RSS output is, by the spec’s design, limited to a small subset of generic fields. You will only get RSS’ most basic fields:
Each endpoint defines the best default database fields it can map to those RSS fields. See each supported endpoint’s documentation for what fields are RSS-mapped by default.
However, you can override those defaults with
rss.[field] parameters that point to the field you’d like to be mapped instead.
/bills maps bills’
introduced_on field to RSS’
<pubDate> field on output. You can override that with:
That will populate
<pubDate> with the contents of
history.enacted_at for each bill.
<pubDate>will always attempt to parse the field and produce a date.
<description>will always wrap its value in a
CDATAblock, as in the above example.
- If a field is missing or is
null, the value populated in RSS will be
- Though you can specify subfields, like
history.enacted_at, with the dot operator, support in RSS output is limited to direct subkeys. In other words, there can be no arrays in the subfield path.
Full text search
Endpoints ending with
/search that are given a
query parameter perform full text search. These queries can use some advanced operators. Queries are interpreted as keywords (use quotes to form phrases).
Laws matching “health care” and “medicine”
- Wildcards: use
*as a wildcard within words (e.g.
nanotech*). Cannot be used within phrases.
- Adjacency: append
~and a number to a phrase to allow the words to come within X words of each other. (e.g.
Bills matching “freedom of information” and words starting with “accountab”
Bills with “transparency” and “accountability” within 5 words of each other
When performing full text search, you can retrieve highlighted excerpts of where your search matched by using the parameter
highlight=true. (This will make the request slower, so only use if needed.)
Recent bills matching “gun control”, with highlighting
By default, highlighting is performed with the
</em> tags. Control these tags by passing start and close tags to the
highlight.tags parameter. (Disable the highlighting of search terms altogether, leaving only a plain text excerpt, by passing a lone comma,
Bills matching “immigration”, with excerpts highlighted with <b> tags
Bills matching “immigration”, with excerpts with no highlighting
Control the size of highlighted excerpts with the
highlight.size parameter. (Note: this doesn’t always work; the database makes a best attempt.) The default
highlight.size is 200.
Bills matching “drugs”, with larger excerpts
We provide some bulk data for direct download, separately. The Congress API as documented above is not designed for retrieving bulk data – requests are limited to a maximum of 50 per page, and many fields need to be specifically requested. If you need data in bulk, please use these resources rather than fetching it all through the API.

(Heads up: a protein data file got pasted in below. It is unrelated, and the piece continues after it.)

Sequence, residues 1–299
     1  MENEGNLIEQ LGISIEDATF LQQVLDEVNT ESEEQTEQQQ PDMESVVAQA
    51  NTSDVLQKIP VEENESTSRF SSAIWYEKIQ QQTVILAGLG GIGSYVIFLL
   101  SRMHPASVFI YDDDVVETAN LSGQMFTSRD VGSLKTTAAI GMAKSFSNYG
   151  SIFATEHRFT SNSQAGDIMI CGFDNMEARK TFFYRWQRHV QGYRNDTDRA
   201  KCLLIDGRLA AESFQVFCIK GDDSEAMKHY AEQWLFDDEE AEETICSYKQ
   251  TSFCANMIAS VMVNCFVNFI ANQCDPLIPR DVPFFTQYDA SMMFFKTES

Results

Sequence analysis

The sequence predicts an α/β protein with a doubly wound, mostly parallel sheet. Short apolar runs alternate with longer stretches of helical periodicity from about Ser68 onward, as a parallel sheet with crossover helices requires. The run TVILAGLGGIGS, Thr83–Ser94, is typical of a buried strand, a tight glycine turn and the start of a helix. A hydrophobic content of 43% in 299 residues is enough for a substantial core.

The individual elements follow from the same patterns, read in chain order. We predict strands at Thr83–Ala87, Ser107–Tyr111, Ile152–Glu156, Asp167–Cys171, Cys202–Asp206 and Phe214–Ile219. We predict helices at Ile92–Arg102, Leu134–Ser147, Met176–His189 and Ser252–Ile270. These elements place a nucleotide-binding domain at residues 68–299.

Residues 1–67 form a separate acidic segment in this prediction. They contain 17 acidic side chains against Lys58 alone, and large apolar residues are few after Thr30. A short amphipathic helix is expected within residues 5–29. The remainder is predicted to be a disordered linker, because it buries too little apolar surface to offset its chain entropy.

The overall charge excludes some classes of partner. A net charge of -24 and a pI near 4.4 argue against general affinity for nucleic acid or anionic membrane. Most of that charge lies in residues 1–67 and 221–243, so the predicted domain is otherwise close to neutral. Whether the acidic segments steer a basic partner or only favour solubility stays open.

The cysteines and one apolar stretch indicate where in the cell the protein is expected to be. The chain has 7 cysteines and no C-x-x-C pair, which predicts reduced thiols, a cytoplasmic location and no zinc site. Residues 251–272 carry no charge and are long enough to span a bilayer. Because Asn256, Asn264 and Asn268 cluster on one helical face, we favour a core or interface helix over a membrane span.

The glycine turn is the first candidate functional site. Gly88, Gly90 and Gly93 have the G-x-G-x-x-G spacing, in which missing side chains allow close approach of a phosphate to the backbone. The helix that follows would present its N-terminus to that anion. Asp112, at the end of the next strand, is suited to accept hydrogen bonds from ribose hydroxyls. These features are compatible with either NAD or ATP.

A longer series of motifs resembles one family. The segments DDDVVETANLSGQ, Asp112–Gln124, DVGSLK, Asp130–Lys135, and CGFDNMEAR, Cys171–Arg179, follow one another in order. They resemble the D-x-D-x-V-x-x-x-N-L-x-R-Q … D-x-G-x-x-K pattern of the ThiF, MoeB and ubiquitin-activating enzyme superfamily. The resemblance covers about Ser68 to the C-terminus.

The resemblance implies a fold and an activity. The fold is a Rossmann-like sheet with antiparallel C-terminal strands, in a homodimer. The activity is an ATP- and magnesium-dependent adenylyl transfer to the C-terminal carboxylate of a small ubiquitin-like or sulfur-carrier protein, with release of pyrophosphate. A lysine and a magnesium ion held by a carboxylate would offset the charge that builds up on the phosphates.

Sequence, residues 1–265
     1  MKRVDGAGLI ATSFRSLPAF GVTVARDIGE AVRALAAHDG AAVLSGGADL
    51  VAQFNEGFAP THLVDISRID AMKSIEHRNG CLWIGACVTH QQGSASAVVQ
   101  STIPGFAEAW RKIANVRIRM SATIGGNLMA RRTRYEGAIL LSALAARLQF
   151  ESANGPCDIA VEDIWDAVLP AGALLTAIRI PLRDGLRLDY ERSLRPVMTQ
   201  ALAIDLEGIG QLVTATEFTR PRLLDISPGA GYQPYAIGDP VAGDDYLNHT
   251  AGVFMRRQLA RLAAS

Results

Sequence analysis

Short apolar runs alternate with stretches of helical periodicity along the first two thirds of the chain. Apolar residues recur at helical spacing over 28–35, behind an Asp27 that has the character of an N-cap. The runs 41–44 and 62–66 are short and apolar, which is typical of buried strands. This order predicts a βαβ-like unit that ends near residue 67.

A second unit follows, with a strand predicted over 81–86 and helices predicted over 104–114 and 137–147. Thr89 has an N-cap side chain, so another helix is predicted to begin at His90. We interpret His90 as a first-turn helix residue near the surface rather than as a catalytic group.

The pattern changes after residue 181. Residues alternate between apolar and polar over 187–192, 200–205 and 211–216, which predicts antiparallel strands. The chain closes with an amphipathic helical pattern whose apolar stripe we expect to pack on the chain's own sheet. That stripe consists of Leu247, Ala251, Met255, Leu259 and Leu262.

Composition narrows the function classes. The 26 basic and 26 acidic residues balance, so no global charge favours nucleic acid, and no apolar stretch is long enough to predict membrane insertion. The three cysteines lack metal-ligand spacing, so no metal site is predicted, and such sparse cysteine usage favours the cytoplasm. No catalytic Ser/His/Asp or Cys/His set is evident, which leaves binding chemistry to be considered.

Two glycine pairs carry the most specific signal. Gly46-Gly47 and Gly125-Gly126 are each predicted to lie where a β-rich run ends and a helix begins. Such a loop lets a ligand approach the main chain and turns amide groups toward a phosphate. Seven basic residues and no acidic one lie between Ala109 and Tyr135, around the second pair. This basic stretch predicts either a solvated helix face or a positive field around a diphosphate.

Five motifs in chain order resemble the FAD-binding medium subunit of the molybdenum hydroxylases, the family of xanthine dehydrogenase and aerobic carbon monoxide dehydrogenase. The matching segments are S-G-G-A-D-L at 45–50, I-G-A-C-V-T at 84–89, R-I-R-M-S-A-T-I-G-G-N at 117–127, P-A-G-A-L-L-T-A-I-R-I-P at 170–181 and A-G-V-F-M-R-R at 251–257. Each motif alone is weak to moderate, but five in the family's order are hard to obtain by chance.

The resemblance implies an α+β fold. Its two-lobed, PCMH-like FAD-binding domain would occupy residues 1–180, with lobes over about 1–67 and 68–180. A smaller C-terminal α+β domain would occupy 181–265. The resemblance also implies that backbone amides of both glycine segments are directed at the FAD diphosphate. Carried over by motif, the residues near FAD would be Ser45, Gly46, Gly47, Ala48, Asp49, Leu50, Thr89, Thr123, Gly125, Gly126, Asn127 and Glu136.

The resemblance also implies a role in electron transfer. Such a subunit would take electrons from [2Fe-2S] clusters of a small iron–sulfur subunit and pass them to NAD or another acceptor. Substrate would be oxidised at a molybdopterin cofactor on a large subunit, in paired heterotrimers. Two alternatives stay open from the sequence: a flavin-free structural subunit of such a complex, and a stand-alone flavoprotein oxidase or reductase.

We offer a CSV of basic legislator information for direct download here.
It includes basic information about names, positions, biographical details, contact information, social media accounts, and identifiers for various public databases.
It contains current information only - it does not include a legislator’s history of changes to name, party, chamber, etc.
Zip Codes to Congressional Districts
We provide a CSV connecting Zip Code Tabulation Areas (ZCTAs) to congressional districts for direct download here.
This is the data we use in our /legislators/locate and /districts/locate endpoints when a
zip is provided. These are technically not zip codes, but ZCTAs: all of our warnings and caveats about using ZCTAs apply.
We help maintain a repository of public domain images of members of Congress, located at:
Images are collected primarily from the Government Publishing Office’s Member Guide, and hosted at predictable URLs, using the member of Congress’ Bioguide ID.
See the URL documentation for complete details.
Core information for legislators, committees, and bills come from public domain scrapers and bulk data at github.com/unitedstates.
- Scrapers for bulk bill data in JSON from THOMAS.gov, 1973-present.
- Legislator and committee bulk data in YAML from various sources, 1789-present.
- Popular nicknames for bills in CSV, manually updated and unofficial (e.g. “obamacare”).
- Node: Matthew Chase Whittemore’s sunlight-congress-api (unofficial)
- Ruby: Erik Michaels-Ober’s congress gem (unofficial)
- PHP: lobostome’s FurryBear (unofficial)
- Python: python-sunlight (docs)
Migrating from our old Sunlight Congress API
This Sunlight Congress API replaces and deprecates our old Sunlight Congress API. We will keep the old Congress API running until at least the end of the 113th Congress (January 2015). We advise users of the old Congress API to upgrade to this one as soon as possible.
We have prepared a migration guide that shows how to move from each method in the old API to the new API.
Congress on IFTTT
The Sunlight Foundation has an IFTTT channel that offers some “triggers” based on events in Congress.
If the Sunlight Congress API doesn’t have what you’re looking for, check out other Congress APIs:
Or if you’re looking for other government data:
- Open States API - Legislative data for all 50 US states, DC, and Puerto Rico.
- FederalRegister.gov API - Official (government-run) JSON API for the activity of the US’ executive branch. Includes all proposed and final regulations, executive orders, and all kinds of things.
- Capitol Words API - Search speeches of members of Congress (the Congressional Record), and get all sorts of language analysis on frequently used words and phrases.
- Influence Explorer API - Data around federal lobbying, grants, contracts, and state and federal campaign contributions.